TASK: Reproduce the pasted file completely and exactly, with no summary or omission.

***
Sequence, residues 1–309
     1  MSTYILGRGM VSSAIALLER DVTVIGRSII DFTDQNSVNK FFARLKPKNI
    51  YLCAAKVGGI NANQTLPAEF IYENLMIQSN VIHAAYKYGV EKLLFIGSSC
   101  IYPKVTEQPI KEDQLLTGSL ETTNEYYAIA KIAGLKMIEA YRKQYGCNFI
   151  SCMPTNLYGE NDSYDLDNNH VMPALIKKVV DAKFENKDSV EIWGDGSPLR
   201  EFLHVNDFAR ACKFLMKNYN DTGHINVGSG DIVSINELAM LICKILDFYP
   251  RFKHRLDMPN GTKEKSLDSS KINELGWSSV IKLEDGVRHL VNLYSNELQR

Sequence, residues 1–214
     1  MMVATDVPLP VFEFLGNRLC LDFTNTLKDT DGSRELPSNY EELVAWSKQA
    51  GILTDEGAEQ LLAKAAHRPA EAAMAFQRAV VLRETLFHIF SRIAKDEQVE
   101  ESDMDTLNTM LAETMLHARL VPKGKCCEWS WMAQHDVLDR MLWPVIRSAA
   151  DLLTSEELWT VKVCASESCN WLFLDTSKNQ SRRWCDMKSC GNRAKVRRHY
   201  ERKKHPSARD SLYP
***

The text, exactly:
Sequence, residues 1–309
     1  MSTYILGRGM VSSAIALLER DVTVIGRSII DFTDQNSVNK FFARLKPKNI
    51  YLCAAKVGGI NANQTLPAEF IYENLMIQSN VIHAAYKYGV EKLLFIGSSC
   101  IYPKVTEQPI KEDQLLTGSL ETTNEYYAIA KIAGLKMIEA YRKQYGCNFI
   151  SCMPTNLYGE NDSYDLDNNH VMPALIKKVV DAKFENKDSV EIWGDGSPLR
   201  EFLHVNDFAR ACKFLMKNYN DTGHINVGSG DIVSINELAM LICKILDFYP
   251  RFKHRLDMPN GTKEKSLDSS KINELGWSSV IKLEDGVRHL VNLYSNELQR

Sequence, residues 1–214
     1  MMVATDVPLP VFEFLGNRLC LDFTNTLKDT DGSRELPSNY EELVAWSKQA
    51  GILTDEGAEQ LLAKAAHRPA EAAMAFQRAV VLRETLFHIF SRIAKDEQVE
   101  ESDMDTLNTM LAETMLHARL VPKGKCCEWS WMAQHDVLDR MLWPVIRSAA
   151  DLLTSEELWT VKVCASESCN WLFLDTSKNQ SRRWCDMKSC GNRAKVRRHY
   201  ERKKHPSARD SLYP